Some newer Catalyst switch models (with recent versions of the Cisco IOS) also allow web-based management using a graphical interface (GUI) module which is hosted on a HTTP server located on the switch.
The Catalyst 3750-series of switches is an example of a Cisco Catalyst switch that allows this style of GUI via HTTP.
The chassis provides power and a high-speed backplane, the line cards provide interfaces to the network, and the supervisor engine moves packets, participates in routing protocols, etc.
This gives several advantages: Additionally, most high-end switches off-load processing away from the supervisors, allowing line cards to switch traffic directly between ports on the same card without using any processing power or even touching the backplane.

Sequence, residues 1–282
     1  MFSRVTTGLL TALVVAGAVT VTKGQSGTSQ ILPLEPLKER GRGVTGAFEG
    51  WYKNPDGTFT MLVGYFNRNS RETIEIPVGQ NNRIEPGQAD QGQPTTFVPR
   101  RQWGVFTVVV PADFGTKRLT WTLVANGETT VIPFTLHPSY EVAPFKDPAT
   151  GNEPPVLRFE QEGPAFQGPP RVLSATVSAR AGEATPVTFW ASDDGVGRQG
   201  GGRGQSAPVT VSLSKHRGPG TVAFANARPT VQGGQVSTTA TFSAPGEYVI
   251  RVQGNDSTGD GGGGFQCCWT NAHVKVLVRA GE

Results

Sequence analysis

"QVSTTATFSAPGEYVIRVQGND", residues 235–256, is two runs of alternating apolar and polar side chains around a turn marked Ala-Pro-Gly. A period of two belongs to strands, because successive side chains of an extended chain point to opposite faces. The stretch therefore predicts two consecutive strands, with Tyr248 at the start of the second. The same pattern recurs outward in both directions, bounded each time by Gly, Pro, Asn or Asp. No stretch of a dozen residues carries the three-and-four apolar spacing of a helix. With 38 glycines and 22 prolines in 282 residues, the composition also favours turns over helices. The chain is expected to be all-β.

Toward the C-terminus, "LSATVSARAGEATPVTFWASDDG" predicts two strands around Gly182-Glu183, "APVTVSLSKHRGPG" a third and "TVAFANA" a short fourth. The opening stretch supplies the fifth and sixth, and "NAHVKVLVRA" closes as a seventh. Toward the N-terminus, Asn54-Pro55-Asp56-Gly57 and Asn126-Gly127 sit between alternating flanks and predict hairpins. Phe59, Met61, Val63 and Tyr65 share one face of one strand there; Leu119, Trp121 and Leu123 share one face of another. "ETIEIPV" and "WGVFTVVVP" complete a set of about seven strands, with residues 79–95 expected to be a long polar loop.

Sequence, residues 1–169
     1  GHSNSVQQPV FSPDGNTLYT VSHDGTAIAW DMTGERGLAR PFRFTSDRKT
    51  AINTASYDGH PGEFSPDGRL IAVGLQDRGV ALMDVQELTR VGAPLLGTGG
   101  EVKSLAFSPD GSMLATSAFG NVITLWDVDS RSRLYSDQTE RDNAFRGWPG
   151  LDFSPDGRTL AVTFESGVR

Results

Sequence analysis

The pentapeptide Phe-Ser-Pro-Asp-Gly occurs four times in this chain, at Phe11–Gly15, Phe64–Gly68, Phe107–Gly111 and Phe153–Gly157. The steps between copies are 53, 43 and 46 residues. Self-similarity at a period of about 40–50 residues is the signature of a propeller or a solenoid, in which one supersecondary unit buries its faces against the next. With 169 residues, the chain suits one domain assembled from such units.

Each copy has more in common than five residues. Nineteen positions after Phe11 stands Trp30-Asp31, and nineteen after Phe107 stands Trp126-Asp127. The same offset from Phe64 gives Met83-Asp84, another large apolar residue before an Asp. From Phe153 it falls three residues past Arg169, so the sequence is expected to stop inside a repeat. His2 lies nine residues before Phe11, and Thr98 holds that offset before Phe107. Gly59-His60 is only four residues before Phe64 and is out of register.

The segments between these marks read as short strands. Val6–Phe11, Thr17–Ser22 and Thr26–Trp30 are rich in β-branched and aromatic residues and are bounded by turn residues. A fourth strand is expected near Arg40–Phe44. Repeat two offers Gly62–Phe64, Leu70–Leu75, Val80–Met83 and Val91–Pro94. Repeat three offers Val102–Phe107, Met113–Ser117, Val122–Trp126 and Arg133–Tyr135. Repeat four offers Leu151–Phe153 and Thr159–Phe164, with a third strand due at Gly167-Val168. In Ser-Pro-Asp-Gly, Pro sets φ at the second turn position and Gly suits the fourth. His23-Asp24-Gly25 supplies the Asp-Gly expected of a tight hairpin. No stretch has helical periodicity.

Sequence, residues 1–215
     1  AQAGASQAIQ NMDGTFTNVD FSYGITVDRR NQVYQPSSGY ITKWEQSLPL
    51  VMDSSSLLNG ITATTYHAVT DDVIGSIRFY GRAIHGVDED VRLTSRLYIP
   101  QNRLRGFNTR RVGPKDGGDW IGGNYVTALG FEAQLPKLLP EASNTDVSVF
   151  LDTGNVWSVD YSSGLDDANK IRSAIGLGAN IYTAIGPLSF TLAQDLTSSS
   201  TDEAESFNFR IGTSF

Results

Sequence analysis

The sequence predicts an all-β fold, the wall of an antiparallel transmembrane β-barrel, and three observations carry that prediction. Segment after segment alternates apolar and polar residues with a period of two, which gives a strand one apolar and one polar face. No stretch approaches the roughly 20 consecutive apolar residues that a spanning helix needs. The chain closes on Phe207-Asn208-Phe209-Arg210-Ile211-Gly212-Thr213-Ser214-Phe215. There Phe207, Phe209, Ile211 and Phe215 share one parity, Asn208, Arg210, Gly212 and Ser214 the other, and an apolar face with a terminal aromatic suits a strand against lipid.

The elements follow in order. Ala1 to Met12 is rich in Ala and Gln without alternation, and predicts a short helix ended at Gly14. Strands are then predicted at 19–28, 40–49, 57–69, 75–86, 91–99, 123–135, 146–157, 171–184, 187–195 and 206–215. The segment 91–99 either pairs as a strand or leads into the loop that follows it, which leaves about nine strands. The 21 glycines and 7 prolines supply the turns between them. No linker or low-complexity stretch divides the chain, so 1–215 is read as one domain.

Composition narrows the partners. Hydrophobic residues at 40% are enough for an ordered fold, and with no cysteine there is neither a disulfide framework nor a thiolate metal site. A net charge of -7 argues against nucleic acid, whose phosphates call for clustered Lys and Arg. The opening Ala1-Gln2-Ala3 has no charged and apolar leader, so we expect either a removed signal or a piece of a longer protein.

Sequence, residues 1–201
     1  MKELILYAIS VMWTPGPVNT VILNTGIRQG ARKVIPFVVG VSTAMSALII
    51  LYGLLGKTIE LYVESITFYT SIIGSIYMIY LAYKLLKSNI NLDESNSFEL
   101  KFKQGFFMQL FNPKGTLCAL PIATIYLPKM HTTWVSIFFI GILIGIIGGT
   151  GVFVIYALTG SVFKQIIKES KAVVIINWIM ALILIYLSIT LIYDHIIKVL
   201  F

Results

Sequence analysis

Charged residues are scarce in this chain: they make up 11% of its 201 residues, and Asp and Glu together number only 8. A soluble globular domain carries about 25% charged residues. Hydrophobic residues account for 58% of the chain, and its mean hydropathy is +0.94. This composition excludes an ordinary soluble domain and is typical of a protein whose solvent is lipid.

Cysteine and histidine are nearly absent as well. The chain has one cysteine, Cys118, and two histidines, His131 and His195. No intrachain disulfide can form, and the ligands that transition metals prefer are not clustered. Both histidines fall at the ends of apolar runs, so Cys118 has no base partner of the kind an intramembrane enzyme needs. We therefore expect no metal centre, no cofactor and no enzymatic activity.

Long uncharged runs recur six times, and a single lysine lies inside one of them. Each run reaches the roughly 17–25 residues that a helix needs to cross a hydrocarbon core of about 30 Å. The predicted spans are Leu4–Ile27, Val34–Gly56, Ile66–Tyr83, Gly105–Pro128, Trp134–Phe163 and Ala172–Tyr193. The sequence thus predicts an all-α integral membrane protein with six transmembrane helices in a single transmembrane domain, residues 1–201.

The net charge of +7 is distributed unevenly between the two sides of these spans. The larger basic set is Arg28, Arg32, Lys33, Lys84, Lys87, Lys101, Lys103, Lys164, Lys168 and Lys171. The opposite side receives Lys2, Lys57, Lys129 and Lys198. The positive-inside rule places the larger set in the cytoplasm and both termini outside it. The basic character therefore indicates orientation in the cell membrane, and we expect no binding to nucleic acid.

It was originally called XDI by the switching company Crescendo Communications, Inc.
Cisco renamed it to Cat OS when they acquired Crescendo in late 1993.
In hybrid mode, the NMP (switch processor) runs Cat OS and the route processor runs Cisco IOS.
Simple Network Management Protocol (SNMP) allows monitoring of many states, and measurement of traffic flows. Configuration of the switch is done in plain text and is thus easy to audit.
No special tools are required to generate a useful configuration.
The 1700, 1900, and 2800 series Catalysts came from Grand Junction Networks, and the Catalyst 3000 series came from Kalpana in 1994.
In most cases, the technology for the Catalyst Switch was developed separately from Cisco′s router technology.